From the same article is this mention that a camera will be taken along. No photographs had yet been taken of the route. Amazing.

These two images appeared in an article by Joe Holleman in the St. Louis Post-Dispatch on September 7, 2019. The marker I remember from my youth has been replaced. Wonderful.  Thanks to the Jefferson County Heritage & Historical Society.

The original marker was located at the NE corner of the intersection of Old Lemay Ferry and Frisco Hill Road.  The replacement is on the north side of Frisco Hill Road a little ways east of the intersection.

The section of Four Ridge Road where I was raised runs along the top of a very long ridge.  Frisco Hill Road is just a continuation of Four Ridge only the name is changed east of Old Lemay Ferry.  The part named Frisco Hill is actually a low place, a saddle, along the ridge.  It is a natural spot for the early trail and subsequent road to cross the ridge.

I was pleased to discover on my memory trip that these roads are still much as I remember from 60 or more years ago.  My route took me north out of Antonia on Old Lemay Ferry.  At Frisco Hill I went east a few miles on Frisco Hill Road then turned around and took Four Ridge to Hwy 21.

21 is the number of sprockets on the bicycle that I ride today.  Even with all of that mechanical advantage and pavement, Frisco Hill and Bulltown Hill would be very difficult for most of us to climb.  I would have loved to have watched Hal Greenwood do it with his Star bicycle on an unpaved road.  Unbelievable!

 

Doug Houser    December 17, 2020

I found this image by accident after I had made this post. It ran in the St. Louis Globe Democrat on Nov. 18, 1956. It shows a group of cyclists at a convention in Forest Park in 1902.  It had been submitted by Mrs. Ann R. Flood of 7553 Hoover Ave., Richmond Heights.  Her father, John J. Gallagher, is on the left with the safety bicycle.  As I understand these things at this point in time, the high wheel (ordinary) bicycles had been completely replaced by the “safeties” when this image was made. I suspect their presence at this convention was probably nostalgic.  Note the two Star bicycles with the small wheel in front.

This photograph and the next one I took in the Loop in downtown Chicago in 2019.

While we’re on the subject of weird bicycles, this is a shot of my Haluzak Horizon recumbent bike with under-the-seat steering. I don’t remember exactly when this image was made.  Sometime within the last 10 or 15 years, I think.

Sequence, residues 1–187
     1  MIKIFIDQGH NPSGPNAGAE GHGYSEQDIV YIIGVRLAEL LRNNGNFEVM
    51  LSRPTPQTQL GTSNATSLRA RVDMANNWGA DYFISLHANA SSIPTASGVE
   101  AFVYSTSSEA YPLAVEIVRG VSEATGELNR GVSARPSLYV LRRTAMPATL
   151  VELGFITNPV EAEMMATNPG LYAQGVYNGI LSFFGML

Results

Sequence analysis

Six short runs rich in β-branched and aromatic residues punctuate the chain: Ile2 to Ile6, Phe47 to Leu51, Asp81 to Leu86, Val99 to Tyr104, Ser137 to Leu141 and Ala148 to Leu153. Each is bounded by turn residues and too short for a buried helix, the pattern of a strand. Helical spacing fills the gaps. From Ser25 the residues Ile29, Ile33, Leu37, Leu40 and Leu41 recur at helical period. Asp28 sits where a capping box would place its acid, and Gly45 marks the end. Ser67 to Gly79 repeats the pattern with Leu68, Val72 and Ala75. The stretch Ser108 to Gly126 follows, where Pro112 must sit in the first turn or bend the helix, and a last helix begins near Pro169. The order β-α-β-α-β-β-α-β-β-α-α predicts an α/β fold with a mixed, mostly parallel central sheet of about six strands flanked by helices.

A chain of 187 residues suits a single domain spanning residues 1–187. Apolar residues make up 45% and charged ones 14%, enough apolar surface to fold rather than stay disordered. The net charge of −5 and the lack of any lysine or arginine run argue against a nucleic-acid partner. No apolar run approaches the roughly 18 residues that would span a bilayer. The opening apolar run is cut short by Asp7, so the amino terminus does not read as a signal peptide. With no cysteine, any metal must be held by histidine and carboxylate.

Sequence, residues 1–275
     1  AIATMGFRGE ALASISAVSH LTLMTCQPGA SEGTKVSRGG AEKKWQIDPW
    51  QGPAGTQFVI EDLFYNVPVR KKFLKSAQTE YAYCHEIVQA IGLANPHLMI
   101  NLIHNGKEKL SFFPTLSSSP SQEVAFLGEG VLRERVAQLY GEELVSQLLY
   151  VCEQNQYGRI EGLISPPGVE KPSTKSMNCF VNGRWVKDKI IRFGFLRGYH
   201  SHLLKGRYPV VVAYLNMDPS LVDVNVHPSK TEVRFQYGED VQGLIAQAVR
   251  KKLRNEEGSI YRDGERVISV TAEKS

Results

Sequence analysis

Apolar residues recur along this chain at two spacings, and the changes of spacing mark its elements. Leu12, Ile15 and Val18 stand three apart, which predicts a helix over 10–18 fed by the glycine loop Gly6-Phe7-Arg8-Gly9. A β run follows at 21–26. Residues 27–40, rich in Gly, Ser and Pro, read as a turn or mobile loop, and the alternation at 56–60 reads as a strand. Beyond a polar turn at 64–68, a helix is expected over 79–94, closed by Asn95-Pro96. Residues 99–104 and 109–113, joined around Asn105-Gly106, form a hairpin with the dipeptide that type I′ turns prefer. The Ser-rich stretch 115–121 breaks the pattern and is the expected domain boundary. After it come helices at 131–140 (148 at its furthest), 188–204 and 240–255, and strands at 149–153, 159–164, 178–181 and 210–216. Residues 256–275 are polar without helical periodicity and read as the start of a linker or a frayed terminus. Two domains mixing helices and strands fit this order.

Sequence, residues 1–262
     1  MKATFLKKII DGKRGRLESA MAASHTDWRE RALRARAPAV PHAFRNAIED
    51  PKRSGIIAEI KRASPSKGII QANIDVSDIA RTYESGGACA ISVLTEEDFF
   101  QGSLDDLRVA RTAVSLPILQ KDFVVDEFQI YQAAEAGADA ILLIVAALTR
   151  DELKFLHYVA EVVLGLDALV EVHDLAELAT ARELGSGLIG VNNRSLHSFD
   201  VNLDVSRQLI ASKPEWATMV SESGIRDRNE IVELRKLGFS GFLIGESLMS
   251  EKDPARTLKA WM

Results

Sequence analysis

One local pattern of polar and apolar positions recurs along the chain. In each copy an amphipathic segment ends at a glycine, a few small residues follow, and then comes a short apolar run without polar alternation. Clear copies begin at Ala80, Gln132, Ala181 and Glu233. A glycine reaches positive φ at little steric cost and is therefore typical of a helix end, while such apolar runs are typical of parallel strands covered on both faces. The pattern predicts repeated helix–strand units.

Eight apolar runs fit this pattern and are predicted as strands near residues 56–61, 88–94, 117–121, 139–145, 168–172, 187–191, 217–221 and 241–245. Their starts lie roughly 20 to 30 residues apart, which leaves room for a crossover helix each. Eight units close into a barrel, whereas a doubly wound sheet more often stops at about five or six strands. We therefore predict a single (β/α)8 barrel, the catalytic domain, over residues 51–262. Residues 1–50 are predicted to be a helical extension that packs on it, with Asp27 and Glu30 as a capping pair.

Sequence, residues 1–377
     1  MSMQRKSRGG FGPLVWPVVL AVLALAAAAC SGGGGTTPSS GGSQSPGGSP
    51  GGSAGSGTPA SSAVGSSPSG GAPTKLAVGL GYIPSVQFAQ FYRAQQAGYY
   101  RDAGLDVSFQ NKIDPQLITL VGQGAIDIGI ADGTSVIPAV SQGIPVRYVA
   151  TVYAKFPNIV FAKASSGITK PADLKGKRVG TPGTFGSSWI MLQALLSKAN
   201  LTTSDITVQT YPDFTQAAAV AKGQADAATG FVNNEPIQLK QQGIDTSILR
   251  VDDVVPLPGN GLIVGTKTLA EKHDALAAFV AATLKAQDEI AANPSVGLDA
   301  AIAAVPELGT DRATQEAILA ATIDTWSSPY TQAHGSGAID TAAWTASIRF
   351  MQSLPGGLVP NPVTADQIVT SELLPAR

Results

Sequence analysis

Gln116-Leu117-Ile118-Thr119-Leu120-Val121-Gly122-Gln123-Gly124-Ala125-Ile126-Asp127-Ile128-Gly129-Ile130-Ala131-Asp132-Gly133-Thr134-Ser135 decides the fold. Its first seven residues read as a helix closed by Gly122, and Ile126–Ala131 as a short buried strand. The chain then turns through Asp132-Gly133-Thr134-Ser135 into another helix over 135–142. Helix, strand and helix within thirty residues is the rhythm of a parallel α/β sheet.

This last one is a totally fake image I made in Photoshop as a joke many years ago of myself and my bike riding buddy, Ken.

 

6 thoughts on “Maplewood History: The De Soto Run – Part Two – Frisco Hill

  1. Doug,
    Glad I inspired you to take a trip. And glad to hear that 60 years later there is still a hill and curves for you to climb. I cannot imagine doing it on a bike.

    Your stories have inspired me to take a trip on more than one occasion. More often than not around Maplewood and some of the surrounding towns. Your articles about a particular address or business has peaked my interest enough that I haves said I have to check this place out. It occurred on the article about the ginko tree and the color of the leaves. I knew where it was at and have admired it for years but with Covid and not being out as much it was a good excuse to get out of the house. I have driven by homes and businesses that you have done articles on but now look at these places with a new interest.

    Thanks for doing these stories

    • You are welcome, Mark. Thanks for all the kind words. It certainly does change one’s perception of an area to know a bit about what it once looked like and what used to be there. I appreciate that these posts have influenced you and hopefully others to take a closer look at this pretty nice place where we spend a lot of time.

      • Doug, I wonder if you have ever had a chance to ride one of the old bikes with the large wheel in front. I do not know if I have ever seen one being ridden by anyone before. And in an age of reproductions I wonder if there is someone that makes a reproduction bike for folks to display or even ride.

        • That is such a cool bike, I have seen one ridden on TV (Pickers) it looked difficult to stay on. I have seen the penny farthing ridden and its seems even more difficult to steer than this bicycle, I would love to see one like this bike ridden in person. I have a friend who had a very old tandem bike, at least it had shocks under the seats. LOL. I bet on those old brick streets you could chip a tooth. Thanks Doug, your wonderful column has also reunited family members who I had never known. You’re the best!!!! Merry Christmas

          • Hi Mary, I think you are correct. Those old bikes must have been tough to ride. Also, you make a good point, the brick streets would have been murder. Thank you for your kind words. Merry Christmas to you as well.

        • Hey Mark, I never had a chance to ride a high wheeler. When I was younger I probably would have given it a shot. I don’t think I’m flexible enough to do it now. Also crashes are more painful the older you get. I don’t want to crash anymore. Reproductions are still being made and ridden. I took photos of a couple that were being ridden with a group of regular bicyclists in the Loop in downtown Chicago on a Sunday morning in 2019. I’ll post them above.